Wishing on eyelashes began as a result of superstition. People were afraid that if a witch obtained anything personal from an individual it would enable the witch to create a powerful dark magic curse upon that individual. It was believed that if a person noticed a fallen eyelash and wished whilst blowing it away, they would be better protected against possible curses.

Shooting Stars

Shooting stars are an extremely rare find. The origin of wishing on a star is believed to date to the years of  127-151 A.D. There are many theories as tho why wishing upon these stars originated.

Some believe the idea was first proposed by Greek astronomer Ptolemy when he stated that the “gods sometimes out of curiosity and boredom” peer down on the Earth from between spheres and sometimes stars could slip out of the gaps between these spheres. These stars, shooting stars, signified for the ancient Greeks the presence of the gods. It was believed that the gods would be more receptive to wishes made during these times. Some Greeks believed that the stars represented the rising or falling of human souls. Jewish and Christian cultures believed that shooting stars were fallen demons or angels.  Hence wishing on a shooting star was established, and still lives on today, though not entirely for the same reasons.

Some people also believe in wishing upon the first star of the night seen.

How to wish on a star

Wishbones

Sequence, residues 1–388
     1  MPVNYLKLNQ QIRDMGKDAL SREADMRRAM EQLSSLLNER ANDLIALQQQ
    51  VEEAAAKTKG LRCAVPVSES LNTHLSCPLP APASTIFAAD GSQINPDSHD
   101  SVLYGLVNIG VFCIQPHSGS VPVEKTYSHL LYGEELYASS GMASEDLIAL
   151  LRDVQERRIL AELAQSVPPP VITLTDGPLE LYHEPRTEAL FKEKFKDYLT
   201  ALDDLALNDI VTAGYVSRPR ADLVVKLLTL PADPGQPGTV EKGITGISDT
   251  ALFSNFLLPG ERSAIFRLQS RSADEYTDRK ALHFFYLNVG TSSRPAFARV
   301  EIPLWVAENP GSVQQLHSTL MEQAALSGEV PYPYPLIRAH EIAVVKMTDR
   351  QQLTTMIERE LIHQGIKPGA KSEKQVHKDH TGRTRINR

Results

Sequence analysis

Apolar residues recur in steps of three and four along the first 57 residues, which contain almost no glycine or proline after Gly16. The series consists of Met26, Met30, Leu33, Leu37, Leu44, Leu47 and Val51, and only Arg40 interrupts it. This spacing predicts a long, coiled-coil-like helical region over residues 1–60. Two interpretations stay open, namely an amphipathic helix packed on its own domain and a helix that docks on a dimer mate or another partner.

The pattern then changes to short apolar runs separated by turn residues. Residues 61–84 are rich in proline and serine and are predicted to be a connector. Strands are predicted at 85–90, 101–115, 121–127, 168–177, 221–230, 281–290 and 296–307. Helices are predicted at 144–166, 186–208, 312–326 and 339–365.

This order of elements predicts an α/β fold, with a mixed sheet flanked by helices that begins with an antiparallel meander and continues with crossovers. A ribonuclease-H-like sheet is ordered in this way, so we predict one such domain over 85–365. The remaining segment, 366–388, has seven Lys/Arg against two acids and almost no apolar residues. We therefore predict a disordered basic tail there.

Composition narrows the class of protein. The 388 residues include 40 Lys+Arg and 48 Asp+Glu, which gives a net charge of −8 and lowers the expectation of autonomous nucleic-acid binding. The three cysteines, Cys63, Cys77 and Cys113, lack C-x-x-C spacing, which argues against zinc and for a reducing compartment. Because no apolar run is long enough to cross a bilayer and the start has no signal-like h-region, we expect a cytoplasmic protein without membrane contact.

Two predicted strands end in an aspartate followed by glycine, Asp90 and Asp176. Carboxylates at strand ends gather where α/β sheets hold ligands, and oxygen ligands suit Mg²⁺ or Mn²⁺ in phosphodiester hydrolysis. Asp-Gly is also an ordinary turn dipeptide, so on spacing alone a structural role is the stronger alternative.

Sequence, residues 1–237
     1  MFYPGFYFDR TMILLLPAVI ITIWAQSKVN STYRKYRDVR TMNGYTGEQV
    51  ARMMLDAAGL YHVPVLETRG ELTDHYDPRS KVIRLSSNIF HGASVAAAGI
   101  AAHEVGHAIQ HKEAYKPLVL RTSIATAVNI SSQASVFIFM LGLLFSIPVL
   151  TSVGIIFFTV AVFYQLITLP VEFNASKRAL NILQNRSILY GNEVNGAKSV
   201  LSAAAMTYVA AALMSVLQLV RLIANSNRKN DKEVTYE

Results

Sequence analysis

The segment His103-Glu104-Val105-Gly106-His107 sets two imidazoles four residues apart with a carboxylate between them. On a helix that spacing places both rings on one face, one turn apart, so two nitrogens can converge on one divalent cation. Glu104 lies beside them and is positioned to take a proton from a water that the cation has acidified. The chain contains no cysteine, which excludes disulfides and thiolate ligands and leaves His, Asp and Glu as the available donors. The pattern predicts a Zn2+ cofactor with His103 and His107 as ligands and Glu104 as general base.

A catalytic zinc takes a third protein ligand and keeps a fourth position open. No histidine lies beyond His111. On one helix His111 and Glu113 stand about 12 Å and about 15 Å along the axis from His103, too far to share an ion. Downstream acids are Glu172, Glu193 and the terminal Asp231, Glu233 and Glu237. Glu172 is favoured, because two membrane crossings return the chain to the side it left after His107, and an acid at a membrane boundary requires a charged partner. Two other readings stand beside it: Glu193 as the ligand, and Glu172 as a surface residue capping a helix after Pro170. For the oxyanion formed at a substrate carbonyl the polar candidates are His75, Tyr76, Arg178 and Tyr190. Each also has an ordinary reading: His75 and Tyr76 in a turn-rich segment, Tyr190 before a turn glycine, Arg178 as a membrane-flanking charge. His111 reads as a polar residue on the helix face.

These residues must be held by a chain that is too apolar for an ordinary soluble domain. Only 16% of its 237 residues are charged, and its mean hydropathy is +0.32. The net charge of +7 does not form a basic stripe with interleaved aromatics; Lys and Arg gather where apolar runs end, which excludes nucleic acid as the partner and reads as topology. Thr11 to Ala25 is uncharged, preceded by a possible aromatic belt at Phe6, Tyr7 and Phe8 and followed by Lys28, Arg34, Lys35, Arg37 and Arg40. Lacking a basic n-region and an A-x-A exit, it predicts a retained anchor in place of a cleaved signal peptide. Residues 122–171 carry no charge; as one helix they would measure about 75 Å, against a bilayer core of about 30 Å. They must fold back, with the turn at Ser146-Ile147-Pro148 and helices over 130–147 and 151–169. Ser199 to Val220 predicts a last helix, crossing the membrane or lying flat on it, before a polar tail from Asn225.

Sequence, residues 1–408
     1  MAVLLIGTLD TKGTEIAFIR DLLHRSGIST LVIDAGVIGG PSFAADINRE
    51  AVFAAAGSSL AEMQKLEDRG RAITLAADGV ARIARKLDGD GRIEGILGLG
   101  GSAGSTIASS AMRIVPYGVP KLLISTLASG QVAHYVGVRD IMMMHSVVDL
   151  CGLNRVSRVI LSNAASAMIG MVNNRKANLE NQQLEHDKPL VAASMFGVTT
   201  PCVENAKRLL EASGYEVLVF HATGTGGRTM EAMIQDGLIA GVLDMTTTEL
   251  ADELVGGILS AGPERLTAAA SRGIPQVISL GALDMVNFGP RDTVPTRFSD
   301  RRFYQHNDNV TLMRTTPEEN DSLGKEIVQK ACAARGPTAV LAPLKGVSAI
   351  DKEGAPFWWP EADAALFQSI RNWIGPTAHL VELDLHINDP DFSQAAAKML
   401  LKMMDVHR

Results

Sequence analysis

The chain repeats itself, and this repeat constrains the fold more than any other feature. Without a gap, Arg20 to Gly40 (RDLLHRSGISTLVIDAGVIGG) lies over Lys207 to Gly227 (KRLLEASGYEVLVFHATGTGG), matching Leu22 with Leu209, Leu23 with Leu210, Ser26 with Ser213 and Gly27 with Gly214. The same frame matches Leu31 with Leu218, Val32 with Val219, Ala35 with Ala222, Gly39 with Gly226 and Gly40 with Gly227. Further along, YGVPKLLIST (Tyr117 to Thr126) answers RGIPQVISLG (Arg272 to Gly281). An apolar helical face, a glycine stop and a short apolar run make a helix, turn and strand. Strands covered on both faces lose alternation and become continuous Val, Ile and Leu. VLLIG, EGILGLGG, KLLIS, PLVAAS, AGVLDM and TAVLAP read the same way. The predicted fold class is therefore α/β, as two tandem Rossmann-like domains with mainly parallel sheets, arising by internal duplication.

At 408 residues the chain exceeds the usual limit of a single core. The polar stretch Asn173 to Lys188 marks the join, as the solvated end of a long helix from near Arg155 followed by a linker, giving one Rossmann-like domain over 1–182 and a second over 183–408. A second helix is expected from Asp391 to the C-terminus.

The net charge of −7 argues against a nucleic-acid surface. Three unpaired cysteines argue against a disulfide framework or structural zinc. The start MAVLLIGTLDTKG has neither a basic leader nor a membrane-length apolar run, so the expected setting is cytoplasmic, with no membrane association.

Wishing on wishbones, originates from ancient Italy. Ancient Italians believed that if you removed the entrails from a bird, you could read the future in them. The collarbone of the birds would be laid in the sun to dry and it was believed that people seeking knowledge from their gods could make a wish on the bone. Some Etruscans believed that the birds were fortune tellers and would draw circles in the dirt with wedges for letters. They would throw grain on the circle and record the “letters pecked” to find answers to questions asked.

11:11

Wishing at 11:11 is purely numerical. Some numerologists believe that it is not pure coincidence that many people glance at clocks at 11:11, they attribute the symmetrical time to synchronicity. This belief in the uniqueness of 11:11 allows for one to conclude special things must happen too then.

How to wish at 11:11

Lamps and Genies

Most everyone knows the story of Aladdin, popularized by Disney, but originally introduced in 1001 Arabian Nights. In the tale Aladdin rubs the lamp and a genie appears granting him three wishes. The word “genie” comes from the Arabic “jinn” or “djinn”, meaning spirit. It was believed that the jinn controlled wish magic. The tale of Aladdin was originally set in China but is Middle Eastern folklore. The tale was admitted into 1001 Arabian Nights in 1710 by French translator Antoine Galland who heard the tale from a Syrian Arab storyteller and scholar named Youhenna Diab “Hanna”.

Sometimes there doesn’t have to be an underlying reason as to why people hope. Their wishes are brought about by imagination, beliefs, brought about by  hope.